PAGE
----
said, he had considered this Bill with great care, and was bound to say he believed it would be hailed with great satisfaction in Cornwall and Devon.

Motion agreed to: House in Committee

Clauses 1 to 7 agreed to.

Clause 8 (Incapacitated Persons empowered to convey).


said, this clause empowered corporations, the trustees of infants, and persons under disability to dispose of property in which they might be interested to the Duchy; and that the conveyance should be as good and effectual in law as if made by a person absolutely entitled and under no incapacity. He did not see why there should be a power for the benefit of the Duchy which no other owners of property possessed. No doubt there was such a clause in railway Acts, but that was inserted for a particular purpose only. Again, in the Act of 1844 there was a similar clause, to render valid transactions of this kind; but that Act was of a temporary nature, whereas this Bill would give a permanent power. He maintained that the clause contained a dangerous power.


said, the provisions in this respect of the present Bill were precisely similar to the Act of 1844. It was said by the noble and learned Lord (Lord Chelmsford) that the Act of 1844 was temporary, and not an Act in perpetuity; but this very Bill was also temporary; for in the previous clause words were introduced limiting the power to purchase to thirty-one years, instead of twenty-one years, as in the Act of 1844.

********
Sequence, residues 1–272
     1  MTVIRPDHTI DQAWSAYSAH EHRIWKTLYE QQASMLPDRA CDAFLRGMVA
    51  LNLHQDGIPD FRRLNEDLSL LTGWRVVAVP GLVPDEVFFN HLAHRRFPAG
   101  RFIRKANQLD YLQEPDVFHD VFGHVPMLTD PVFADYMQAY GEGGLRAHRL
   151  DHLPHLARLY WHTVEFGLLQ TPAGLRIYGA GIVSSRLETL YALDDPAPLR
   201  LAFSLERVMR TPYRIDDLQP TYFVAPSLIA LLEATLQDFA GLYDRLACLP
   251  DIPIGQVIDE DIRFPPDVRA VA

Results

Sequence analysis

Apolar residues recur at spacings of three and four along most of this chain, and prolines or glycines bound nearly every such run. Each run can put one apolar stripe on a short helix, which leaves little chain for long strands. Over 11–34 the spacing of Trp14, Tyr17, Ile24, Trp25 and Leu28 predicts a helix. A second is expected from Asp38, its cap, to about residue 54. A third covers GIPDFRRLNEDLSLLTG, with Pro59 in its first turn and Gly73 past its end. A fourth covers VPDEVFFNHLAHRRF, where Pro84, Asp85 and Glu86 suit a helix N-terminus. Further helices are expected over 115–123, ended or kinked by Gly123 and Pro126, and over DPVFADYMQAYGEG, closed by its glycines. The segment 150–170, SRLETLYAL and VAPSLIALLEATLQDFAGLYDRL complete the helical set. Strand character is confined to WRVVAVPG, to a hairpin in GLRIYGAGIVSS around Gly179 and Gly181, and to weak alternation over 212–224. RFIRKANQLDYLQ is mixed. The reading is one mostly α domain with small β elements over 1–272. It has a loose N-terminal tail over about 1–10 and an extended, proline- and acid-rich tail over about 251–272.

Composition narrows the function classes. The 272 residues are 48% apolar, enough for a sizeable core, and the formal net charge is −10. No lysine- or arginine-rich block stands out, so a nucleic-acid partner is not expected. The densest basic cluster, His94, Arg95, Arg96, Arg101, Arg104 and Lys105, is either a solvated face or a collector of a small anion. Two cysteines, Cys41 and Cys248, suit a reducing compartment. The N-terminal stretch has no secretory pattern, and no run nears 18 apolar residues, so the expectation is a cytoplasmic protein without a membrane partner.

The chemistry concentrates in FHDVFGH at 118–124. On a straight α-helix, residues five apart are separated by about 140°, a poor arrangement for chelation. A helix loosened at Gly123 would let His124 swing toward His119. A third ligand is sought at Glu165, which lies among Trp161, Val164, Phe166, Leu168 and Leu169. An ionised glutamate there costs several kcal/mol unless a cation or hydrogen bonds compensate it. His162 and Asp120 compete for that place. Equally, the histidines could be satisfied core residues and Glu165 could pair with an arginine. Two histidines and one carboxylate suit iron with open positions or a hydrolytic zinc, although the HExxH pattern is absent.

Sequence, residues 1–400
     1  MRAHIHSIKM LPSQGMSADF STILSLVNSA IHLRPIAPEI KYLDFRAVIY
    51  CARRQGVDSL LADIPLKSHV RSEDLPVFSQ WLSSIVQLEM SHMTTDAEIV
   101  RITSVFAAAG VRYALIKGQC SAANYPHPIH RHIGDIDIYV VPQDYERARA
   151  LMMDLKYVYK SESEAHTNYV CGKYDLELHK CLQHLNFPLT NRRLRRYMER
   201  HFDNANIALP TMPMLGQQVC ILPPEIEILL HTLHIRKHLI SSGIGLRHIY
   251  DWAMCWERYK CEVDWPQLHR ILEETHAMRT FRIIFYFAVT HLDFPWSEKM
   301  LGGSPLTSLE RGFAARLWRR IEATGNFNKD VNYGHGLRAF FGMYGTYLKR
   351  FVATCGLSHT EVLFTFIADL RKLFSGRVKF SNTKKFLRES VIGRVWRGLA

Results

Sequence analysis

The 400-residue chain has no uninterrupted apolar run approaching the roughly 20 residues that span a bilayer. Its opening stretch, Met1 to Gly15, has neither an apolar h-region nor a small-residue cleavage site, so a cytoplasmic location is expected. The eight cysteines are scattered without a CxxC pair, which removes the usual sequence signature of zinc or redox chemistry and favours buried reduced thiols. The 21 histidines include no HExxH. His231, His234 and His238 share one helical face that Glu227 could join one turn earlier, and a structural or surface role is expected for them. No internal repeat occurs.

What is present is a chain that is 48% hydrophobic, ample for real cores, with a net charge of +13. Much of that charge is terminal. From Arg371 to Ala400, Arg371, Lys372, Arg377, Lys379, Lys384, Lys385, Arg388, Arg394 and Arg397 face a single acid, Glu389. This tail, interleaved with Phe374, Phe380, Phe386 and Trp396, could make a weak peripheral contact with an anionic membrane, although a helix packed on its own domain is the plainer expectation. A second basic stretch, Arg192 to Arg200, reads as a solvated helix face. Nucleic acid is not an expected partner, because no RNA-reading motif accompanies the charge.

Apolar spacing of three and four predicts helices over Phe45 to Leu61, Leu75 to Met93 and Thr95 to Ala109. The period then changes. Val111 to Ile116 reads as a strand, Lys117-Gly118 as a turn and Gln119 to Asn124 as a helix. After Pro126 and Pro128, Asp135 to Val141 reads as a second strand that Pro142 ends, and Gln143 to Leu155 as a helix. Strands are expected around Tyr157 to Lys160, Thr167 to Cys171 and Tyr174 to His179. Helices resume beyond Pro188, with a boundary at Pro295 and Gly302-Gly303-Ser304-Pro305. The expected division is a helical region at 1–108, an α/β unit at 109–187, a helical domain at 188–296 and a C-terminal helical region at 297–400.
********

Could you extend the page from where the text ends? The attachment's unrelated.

This Bill refers to purchases; the former Act referred to sales.


The provisions of this Bill are quite as necessary and advantageous now as they were in 1844; and so far from being anomalous similar provisions were to be found in the Lands Clauses Consolidation Act, and in the Act 10 Geo. IV., c. 50, which regulated the administration of Crown lands. He was willing to introduce into this Bill, as a further security, clauses in the same terms as those in the Lands Clauses Consolidation Act and the 10 Geo. IV., under which the value of land proposed to be purchased was to be ascertained by two competent surveyors, one to be nominated by the Duke of Cornwall and the other by the sellers.